The effect of various concentrations of sage (Saliva officinalis) on the microbial quality and the shelf-life of minced beef mixed with soybean protein was investigated. For this purpose, minced beef mixed with soybean protein samples were divided into four groups. First group was kept as a control group, others ones were treated with 0.1, 0.3 and 0.5% sage extract. All samples were stored at 4°C and microbiological evaluation was conducted at intervals of 0, 1, 3, 5 and 7 days post-storage for aerobic, anaerobic, enterobacteriaceae, yeast-mould, Bacillus cereus and Staphylococcus aureus counts. Minced beef pose a risk of food-borne infection or intoxication due to existence and growth of B. cereus and S. aureus. Sage extract concentration of 0.3 and 0.5%, significantly reduced aerobic, anaerobic, enterobacteriaceae, yeast-mould, B. cereus and S. aureus counts in the samples. Control and 0.1% sage groups did not comply with the Egyptian standards criteria for total aerobic counts when compared to other groups within the seven days of shelf-life. The results indicated that 0.3 and 0.5% sage extract improved the microbiological quality and prolonged the shelf-life of the minced beef to seven days of retail displayed at 4°C.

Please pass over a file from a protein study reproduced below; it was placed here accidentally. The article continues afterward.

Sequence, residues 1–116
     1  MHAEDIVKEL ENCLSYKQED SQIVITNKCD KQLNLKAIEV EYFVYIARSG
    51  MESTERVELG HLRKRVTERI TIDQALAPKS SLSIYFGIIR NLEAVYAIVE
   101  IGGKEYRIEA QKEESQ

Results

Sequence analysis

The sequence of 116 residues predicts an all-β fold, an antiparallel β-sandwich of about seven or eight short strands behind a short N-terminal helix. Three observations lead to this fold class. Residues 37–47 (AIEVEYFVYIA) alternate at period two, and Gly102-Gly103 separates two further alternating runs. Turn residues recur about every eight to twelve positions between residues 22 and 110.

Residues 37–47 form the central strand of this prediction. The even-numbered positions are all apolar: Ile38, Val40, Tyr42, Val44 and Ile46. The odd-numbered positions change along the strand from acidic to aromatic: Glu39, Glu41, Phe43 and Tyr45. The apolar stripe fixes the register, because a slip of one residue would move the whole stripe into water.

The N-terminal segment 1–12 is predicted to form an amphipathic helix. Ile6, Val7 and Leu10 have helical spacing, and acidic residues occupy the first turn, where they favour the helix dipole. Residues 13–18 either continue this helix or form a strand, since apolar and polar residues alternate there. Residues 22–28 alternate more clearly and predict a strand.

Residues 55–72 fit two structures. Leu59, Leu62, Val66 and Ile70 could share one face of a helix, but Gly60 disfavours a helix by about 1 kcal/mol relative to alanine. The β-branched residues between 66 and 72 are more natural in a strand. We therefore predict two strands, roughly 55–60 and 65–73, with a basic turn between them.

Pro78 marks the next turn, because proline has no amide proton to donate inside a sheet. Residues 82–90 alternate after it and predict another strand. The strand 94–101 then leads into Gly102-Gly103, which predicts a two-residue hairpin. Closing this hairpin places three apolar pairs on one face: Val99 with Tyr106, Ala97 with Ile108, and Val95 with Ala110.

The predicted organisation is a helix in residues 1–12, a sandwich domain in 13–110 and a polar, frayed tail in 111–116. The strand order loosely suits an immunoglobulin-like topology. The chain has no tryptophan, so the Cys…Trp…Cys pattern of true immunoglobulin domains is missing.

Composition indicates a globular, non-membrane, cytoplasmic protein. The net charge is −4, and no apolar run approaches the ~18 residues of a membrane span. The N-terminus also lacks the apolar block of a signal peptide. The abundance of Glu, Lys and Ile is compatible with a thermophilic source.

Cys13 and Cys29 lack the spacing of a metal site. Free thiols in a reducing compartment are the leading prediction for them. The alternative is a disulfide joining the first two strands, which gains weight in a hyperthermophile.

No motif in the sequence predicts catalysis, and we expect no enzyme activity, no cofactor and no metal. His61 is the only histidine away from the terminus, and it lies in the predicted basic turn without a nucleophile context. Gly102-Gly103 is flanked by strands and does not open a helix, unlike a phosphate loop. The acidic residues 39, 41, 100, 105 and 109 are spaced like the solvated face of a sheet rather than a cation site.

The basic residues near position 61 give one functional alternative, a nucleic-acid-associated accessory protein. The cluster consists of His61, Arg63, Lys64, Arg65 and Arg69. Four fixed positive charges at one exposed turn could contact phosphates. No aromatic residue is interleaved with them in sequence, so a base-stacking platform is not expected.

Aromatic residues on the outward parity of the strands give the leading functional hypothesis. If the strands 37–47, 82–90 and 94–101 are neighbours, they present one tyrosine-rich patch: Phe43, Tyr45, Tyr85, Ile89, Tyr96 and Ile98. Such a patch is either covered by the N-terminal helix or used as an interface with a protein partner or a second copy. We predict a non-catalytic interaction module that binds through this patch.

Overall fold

Key words: Minced beef, Sage, soybean, microbial quality and shelf-life.
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